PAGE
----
CA explains why Perth missed out on an India Test
Kevin Roberts again floats prospect of future Australia-India series comprising of five Tests after Brisbane got the nod over Perth this summer
29 May 2020, 12:20 PM AEST
The absence of a Gabba Test for India's tour of Australia two years ago is behind Cricket Australia's decision to overlook Perth for a marquee Test against Virat Kohli's side this summer.
But Brisbane and Perth may not miss out again if plans come off for all future Test campaigns between the two nations to be extended to five Tests.
On Thursday, WA cricket officials said missing out on hosting a Border-Gavaskar Test this season is "a kick in the guts" for fans in Perth, who will welcome Afghanistan this summer for a one-off Test instead of a high-profile match involving India.
While both cities host an Ashes Test every four years because series against England comprise of five matches, the four-Test campaigns against India mean one of Perth and Brisbane have traditionally missed out.
And after Brisbane was overlooked for India's tour two years ago, CA CEO Kevin Roberts said scheduling a game at the Gabba this season evens the ledger over the course of the International Cricket Council's eight-year cycle from 2015 to 2023.
"If Perth received the India Test (this year) it would mean that Perth would have hosted two England Tests and two India Tests over the eight-year cycle for a total of four ... whereas Brisbane would have only hosted two," Roberts said.
"So that would have created an imbalance over the cycle of the Future Tours Programme.
"And in the national interest and ensuring we take high-profile Test matches to cricket fans in Queensland, it was a more well-balanced solution. Assuming, of course, that we could get full crowds in play, that’s when this schedule was determined.
"The more balanced solution was to play the India Test in Brisbane, meaning over the eight-year cycle it would see Perth hosting three Tests against India and England and Brisbane also hosting three Tests against India and England."
Brisbane was preferred over Perth for India's 2014-15 tour, when Western Australia missed out on a Test altogether.
On Thursday, WACA CEO Christina Matthews said her organisation had been told in 2014 that Perth was overlooked because their main Test venue at the time – the WACA Ground – "wasn't good enough".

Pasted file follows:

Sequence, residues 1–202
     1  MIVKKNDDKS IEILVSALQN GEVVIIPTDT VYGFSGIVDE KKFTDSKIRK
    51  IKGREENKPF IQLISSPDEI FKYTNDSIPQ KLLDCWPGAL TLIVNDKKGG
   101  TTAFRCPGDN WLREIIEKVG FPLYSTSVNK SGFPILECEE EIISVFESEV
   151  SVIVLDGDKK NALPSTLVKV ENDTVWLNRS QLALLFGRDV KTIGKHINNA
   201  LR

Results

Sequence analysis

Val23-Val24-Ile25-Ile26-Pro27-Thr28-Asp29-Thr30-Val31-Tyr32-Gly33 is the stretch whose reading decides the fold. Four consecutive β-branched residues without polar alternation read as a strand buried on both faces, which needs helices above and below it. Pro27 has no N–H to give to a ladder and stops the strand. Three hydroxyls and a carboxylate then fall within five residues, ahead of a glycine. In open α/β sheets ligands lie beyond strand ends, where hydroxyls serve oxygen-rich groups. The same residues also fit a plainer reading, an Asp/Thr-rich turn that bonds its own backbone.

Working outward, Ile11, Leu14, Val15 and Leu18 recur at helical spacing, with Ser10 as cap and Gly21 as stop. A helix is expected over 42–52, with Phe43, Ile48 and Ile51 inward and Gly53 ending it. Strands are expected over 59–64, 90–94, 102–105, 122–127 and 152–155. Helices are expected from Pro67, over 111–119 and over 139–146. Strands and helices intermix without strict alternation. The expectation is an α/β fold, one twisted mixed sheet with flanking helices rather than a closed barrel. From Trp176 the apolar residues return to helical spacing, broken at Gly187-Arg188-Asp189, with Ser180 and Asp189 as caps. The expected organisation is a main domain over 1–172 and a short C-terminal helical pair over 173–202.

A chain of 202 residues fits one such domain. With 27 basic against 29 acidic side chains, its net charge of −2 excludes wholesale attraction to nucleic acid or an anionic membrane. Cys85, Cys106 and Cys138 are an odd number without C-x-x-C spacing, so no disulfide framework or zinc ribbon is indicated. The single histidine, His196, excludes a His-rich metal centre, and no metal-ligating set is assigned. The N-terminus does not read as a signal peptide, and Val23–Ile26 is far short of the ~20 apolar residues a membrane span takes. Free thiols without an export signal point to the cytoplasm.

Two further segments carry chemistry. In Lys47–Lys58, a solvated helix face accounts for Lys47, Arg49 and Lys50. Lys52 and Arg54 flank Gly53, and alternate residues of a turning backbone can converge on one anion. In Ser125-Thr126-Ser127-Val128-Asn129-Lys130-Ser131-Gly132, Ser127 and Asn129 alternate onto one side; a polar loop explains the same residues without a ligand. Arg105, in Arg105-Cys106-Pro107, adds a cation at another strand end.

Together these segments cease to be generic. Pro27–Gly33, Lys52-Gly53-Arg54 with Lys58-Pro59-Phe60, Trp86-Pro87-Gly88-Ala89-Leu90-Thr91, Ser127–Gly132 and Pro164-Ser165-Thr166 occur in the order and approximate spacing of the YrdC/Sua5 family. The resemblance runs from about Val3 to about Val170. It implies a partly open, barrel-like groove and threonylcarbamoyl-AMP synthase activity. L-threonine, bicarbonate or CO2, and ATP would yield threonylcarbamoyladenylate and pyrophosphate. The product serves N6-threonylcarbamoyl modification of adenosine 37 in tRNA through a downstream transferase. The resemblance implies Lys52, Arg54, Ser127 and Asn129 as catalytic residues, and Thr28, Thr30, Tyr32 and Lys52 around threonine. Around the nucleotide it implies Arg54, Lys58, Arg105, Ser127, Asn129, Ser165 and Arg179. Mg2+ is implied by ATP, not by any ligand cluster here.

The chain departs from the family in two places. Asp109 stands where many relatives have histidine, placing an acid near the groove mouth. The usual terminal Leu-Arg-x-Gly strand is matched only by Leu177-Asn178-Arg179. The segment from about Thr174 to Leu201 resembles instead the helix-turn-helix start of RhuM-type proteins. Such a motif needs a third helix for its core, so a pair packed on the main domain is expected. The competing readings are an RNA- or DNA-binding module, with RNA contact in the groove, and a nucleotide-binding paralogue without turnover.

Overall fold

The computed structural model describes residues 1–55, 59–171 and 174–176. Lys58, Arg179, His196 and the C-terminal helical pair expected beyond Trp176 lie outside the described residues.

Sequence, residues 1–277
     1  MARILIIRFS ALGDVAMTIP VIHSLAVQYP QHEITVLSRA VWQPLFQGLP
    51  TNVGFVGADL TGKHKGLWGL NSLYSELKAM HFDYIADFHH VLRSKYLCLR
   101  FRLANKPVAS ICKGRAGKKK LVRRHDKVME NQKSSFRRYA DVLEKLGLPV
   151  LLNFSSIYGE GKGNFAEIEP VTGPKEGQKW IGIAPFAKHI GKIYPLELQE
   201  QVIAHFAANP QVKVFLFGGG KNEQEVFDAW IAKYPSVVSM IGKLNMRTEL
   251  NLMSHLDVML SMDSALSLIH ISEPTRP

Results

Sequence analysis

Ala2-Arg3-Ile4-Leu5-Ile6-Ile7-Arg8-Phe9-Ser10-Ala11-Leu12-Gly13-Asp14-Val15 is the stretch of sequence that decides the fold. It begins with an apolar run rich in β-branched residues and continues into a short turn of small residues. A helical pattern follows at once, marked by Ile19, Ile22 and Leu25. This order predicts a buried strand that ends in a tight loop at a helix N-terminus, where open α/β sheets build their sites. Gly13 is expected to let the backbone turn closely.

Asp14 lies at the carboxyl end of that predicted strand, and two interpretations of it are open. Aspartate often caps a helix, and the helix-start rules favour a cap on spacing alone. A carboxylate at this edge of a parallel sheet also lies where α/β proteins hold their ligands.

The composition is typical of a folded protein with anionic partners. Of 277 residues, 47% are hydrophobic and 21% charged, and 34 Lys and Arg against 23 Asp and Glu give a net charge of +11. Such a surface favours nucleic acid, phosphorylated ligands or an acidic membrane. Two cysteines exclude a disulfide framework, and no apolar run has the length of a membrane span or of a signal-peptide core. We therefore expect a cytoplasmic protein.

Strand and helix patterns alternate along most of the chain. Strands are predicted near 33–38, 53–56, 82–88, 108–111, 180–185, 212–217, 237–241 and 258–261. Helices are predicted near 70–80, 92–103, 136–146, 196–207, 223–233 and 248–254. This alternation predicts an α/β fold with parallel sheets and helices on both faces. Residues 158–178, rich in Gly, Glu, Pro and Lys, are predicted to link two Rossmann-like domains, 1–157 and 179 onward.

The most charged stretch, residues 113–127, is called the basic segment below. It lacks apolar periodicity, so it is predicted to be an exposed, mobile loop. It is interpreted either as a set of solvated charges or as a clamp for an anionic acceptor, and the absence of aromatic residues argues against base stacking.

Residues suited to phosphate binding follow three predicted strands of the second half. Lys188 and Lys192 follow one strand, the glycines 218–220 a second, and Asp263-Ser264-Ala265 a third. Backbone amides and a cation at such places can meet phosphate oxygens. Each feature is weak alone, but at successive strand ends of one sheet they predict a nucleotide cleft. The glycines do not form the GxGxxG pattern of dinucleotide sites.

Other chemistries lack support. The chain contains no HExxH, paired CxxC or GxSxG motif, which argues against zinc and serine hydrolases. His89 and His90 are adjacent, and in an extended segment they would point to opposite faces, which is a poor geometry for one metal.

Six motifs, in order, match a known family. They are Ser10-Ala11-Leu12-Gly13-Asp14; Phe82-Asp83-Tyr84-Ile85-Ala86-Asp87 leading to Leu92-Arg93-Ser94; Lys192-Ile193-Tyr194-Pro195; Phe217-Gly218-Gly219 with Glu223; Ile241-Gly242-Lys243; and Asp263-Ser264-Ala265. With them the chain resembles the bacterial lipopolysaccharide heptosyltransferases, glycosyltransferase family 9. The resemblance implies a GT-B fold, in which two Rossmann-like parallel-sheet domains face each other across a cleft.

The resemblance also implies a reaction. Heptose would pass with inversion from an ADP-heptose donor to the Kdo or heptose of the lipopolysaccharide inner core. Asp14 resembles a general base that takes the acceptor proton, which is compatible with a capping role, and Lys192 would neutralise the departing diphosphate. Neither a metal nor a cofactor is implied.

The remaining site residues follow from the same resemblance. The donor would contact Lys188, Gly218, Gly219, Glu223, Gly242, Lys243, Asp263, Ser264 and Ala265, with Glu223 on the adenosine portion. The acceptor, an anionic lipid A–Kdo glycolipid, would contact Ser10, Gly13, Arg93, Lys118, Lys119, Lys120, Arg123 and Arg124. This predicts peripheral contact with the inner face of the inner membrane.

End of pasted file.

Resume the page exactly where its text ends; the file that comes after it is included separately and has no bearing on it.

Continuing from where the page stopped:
Having since moved to the brand-new Perth Stadium, Matthews said she had hoped the switch would mean the city would get a marquee Test every year.
"The last time (in 2014), we were told it was because our venue wasn't good enough and if we supported a new stadium, this would never happen again," she said. "And here we are again.
"All the metrics associated with cricket over the last two years see us surpass Brisbane in every area; whether that’s crowds, broadcast ratings, even better rainfall at that time of year, more corporate seats - just so many indicators - and a brand-new stadium.
"The biggest issue for us is the (WA) government invested hundreds of thousands of dollars to make Perth Stadium cricket-friendly from the start ... and at the time Cricket Australia gave a guarantee to the government that they would absolutely be utilising that stadium to the fullest."
Australia's imposing Test record in Brisbane makes the Gabba a favourite among the players, and it boasts the longest active unbeaten streak in Test cricket at a single venue that stretches back 31 matches to 1988.
Tim Paine gives Virat Kohli a little clip in the post-game presser 🍿 The Aussie captain is keen to play against India in Brisbane next summer! pic.twitter.com/NCmGqua67s— cricket.com.au (@cricketcomau) November 24, 2019
The Gabba is currently undergoing a $35m facelift to upgrade public, corporate and media facilities.
Roberts added that both Australia and India hope to extend future Border-Gavaskar campaigns to five Tests each, which should mean both Brisbane and Perth get a Test when India tour.
But the CEO was quick to add that adding an extra Test would be complicated given the already cramped international schedule, which is likely to become even more congested due to the rescheduling of matches that have been cancelled during the COVID-19 pandemic.
"It's fair to say that both nations share the desire to move to five Test series in the future, but we need to navigate that with respect to everything else in the calendar," he said.